The panel was moderated by K Satyanarayan, co-founder of New Horizon Media. The speakers at the session were, Karthika V K, publisher of HarperCollins India; Ananth Padmanabhan, senior vice president, Penguin Random House; K Srinivas, assistant vice president and publisher, Pearson Education; and, Vivek R, head of business development for trade books,

One topic that was discussed exhaustively across most discussions was the possibility of electronic media to completely taking over print. An oft-repeated concern was that data about the publishing industry in India remains woefully insufficient and highly unreliable.


Face-to-face, Printers and Publishers
This session introduced printers and publishers to each other, and address specific queries, thereby helping them understand what the other could offer.

E-book Development and Distribution
The processes involved in developing e-books in various formats and in making them available to the audience were outlined. This workshop was conducted by M Sridhar, founder of Smart Solutions; K Satyanarayan, co-founder of New Horizon Media; and Odorica Coutinho, lead developer at CinnamonTeal Publishing.

Vinutha Mallya's impromptu Q&A session on ISBN issues was well received and attracted the problems, questions and possible solutions to the difficulties faced by publishers in the obtaining ISBNs from the issuing agency.

Publishing Translated Literature
The need to create an organised platform to enable authors, publishers and translators to collaborate on projects, and the role of the government to promote such platforms were emphasised. The workshop was conducted jointly by the UK-based Alexandra Buechler, director of Literature Across Frontiers; and Vinutha Mallya, publishing consultant. Buechler’s presence at the conference was supported by Literature Across Frontiers and Wales Arts International.

Global print distribution
This interactive workshop session re-examined the definition of 'Globalisation' in today's world and outlined the various opportunities available to publishers across global markets, and the common challenges and obstacles that hamper global distribution. The session was conducted Philippa Malicka, the Delhi-based representative of Lightning Source, Ingram’s Print on Demand distribution platform. 

Workshop on Fiction/History/Research
This session addressed ethical issues regarding usage of historical facts and the need to conduct sufficient research whilst composing fiction. Dominique Varma is a writer who lives and travels between France and India.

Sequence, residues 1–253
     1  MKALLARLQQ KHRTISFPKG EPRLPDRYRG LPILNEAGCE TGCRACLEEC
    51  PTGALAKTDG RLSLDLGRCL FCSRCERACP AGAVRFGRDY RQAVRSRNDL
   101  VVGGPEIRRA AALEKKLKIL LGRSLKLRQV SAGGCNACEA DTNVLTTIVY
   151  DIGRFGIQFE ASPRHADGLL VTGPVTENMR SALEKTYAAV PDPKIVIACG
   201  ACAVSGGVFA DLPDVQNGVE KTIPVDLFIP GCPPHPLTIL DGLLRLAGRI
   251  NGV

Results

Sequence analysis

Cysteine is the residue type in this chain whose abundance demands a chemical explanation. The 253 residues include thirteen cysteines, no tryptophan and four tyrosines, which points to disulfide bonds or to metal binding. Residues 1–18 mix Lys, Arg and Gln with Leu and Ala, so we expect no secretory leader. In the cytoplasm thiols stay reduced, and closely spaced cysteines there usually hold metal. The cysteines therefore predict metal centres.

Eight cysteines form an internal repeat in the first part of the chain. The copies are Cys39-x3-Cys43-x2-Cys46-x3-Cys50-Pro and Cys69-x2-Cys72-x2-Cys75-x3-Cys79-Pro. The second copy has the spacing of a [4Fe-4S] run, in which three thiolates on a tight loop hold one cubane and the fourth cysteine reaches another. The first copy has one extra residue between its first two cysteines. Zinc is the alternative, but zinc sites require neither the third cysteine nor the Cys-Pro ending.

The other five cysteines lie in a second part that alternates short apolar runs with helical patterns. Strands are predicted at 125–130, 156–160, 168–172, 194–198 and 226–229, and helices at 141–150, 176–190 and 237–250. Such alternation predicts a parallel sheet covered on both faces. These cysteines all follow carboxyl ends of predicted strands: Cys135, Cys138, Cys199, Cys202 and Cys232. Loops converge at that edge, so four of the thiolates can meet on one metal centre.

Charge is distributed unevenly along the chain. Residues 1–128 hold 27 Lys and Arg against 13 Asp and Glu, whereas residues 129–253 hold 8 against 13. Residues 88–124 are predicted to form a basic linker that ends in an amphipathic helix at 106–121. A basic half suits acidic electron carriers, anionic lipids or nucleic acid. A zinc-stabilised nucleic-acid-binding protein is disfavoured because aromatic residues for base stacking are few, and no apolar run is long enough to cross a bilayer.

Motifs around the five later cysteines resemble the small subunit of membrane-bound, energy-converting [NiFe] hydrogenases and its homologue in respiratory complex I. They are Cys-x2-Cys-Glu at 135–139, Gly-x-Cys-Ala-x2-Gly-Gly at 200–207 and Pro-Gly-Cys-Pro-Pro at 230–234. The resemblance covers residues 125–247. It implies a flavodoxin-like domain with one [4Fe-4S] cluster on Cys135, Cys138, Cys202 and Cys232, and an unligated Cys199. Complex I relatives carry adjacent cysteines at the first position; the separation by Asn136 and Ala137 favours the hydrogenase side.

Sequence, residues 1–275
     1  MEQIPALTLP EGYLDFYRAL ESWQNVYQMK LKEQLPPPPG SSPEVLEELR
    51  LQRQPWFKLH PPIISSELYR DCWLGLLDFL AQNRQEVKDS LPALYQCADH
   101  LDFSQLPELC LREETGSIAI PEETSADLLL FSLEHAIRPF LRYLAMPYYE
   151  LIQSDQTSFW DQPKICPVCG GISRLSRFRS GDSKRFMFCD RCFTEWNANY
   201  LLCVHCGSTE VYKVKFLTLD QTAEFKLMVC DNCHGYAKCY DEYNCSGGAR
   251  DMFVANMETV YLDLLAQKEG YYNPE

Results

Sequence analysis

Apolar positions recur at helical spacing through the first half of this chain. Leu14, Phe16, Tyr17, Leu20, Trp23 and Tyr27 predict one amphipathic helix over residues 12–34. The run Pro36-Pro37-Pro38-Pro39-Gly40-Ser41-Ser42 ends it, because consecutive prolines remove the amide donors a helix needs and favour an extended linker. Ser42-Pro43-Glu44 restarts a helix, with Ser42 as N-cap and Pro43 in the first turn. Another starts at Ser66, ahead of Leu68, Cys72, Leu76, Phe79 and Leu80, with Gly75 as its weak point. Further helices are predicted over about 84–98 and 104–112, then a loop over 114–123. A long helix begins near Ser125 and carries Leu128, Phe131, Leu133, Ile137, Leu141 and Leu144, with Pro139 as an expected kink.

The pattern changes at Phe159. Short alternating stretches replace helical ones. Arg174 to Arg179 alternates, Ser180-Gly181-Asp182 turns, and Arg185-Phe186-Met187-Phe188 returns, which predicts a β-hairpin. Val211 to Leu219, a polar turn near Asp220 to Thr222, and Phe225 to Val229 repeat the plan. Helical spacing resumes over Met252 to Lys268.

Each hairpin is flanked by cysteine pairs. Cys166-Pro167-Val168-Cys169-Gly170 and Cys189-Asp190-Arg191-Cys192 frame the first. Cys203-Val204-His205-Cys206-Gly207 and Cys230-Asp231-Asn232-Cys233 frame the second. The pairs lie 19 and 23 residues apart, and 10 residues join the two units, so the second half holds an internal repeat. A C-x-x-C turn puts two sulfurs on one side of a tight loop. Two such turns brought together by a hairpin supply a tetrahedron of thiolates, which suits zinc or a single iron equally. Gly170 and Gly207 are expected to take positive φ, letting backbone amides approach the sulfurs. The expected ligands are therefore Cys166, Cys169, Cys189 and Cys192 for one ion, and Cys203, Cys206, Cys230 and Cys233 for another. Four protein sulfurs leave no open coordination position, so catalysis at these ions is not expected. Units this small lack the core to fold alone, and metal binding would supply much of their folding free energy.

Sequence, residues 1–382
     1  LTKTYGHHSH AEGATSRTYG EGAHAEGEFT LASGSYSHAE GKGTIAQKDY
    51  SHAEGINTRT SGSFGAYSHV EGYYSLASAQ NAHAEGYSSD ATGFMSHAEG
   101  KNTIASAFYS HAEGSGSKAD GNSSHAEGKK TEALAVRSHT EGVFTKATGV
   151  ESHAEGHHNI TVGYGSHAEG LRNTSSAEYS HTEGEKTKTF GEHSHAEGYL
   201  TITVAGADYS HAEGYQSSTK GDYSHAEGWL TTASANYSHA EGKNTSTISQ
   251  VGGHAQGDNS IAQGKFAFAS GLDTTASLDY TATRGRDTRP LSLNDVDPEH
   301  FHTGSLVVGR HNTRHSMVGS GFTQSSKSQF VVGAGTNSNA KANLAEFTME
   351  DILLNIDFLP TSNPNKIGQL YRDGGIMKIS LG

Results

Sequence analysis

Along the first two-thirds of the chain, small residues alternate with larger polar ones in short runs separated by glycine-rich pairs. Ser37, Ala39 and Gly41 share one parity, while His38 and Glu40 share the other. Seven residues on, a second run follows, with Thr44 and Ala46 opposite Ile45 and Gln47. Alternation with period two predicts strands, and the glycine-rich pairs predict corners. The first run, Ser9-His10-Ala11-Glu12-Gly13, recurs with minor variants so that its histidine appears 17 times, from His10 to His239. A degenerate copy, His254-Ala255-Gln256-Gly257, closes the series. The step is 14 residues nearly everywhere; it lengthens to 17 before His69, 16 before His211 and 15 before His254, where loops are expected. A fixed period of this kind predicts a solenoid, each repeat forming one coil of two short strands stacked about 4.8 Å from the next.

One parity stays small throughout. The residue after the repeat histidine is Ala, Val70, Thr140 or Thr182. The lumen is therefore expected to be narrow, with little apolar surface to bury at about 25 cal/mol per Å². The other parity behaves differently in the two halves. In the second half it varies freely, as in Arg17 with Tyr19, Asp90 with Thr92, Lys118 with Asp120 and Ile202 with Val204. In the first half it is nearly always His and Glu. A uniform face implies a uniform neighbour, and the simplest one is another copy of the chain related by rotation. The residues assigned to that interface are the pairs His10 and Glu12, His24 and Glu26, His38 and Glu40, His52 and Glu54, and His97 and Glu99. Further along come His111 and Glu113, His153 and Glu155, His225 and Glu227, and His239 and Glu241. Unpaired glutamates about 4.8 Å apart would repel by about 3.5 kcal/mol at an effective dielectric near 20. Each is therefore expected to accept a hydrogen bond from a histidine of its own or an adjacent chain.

Publishing environments of Brazil and Sri Lanka
The publishing industry and the environment in which book publishing takes place in the two countries were presented at the conference. The context of Brazil was presented by Prof Cassiano Leal, a teacher working within the municipal education system of Porto Alegre. Thilal Nanayakkara, a freelance communications specialist from Sri Lanka presented the industry in his country.

Insight talk by Klaus Willberg, advisor to the Association of Children's Book Publishers in German-speaking regions, offered pointers to the authors and illustrators among the audience about the legal aspects of publishing, and spoke about the need for more legal reforms in order to protect the rights of the author and the publisher. 

Possibilities with digital printing
This presentation by Shamim Alam of HP showed the ways in which books could be personaliaed, thanks to the capabilities now offered by digital printing. Personalised books have good appeal, especially in the children’s books segment, and could be a successful revenue stream for publishers in future.

Mobile content in Indian languages
NewsHunt’s representative Ravanan N presented the company’s capabilities to distribute and retail content in 12 Indian languages. The company’s foray into bringing books from Indian languages to mobile readers was highlighted.

New digital formats for content
Netex Knowledge Factory’s Sumedh Kasare delivered a presentation on new formats for digitisation of content, which the company provides as a service to publishers. He spoke of how e-books could revolutionise the learning experience.

Survey on Book Publishing in India
IppStar Services Training and Research’s Purva Rai Dwivedi presented an overview of the survey being undertaken by IppStar, to establish the current size of the entire book publishing industry.

The first edition of the Publishing Next industry awards were given this year in five categories. A total of 75 entries across the categories were received:

And thye winners are:

Publisher of the Year Tulika Publishers, Chennai

Publishing Innovation of the Year Pratham Books

Bookstore of the Year Literati, Calangute (Goa)

Printed Book of the Year Project Cinema (Tulika Books, New Delhi)

Digital Book of the Year Too Much Noise (Pratham Books)

The jury for the Awards consisted of - Naresh Fernandes, writer, and editor of; Rakesh Khanna, co-founder of Blaft Publications; Bipin Shah, publisher of Mapin Publishing; Prashasti Rastogi, director of German Book Office, New Delhi; R Sriram, co-founder of Crossword Bookstores, retail management consultant; and, Ramu Ramanathan, group editor of PrintWeek India and Campaign India.

Publishing Next 2014 organising team
Publishing Next is organised by CinnamonTeal Publishing, a Margao (Goa)-based publishing house that provides publishing services to authors and publishers.

Founders and principal organisers: Leonard Fernandes and Queenie Rodrigues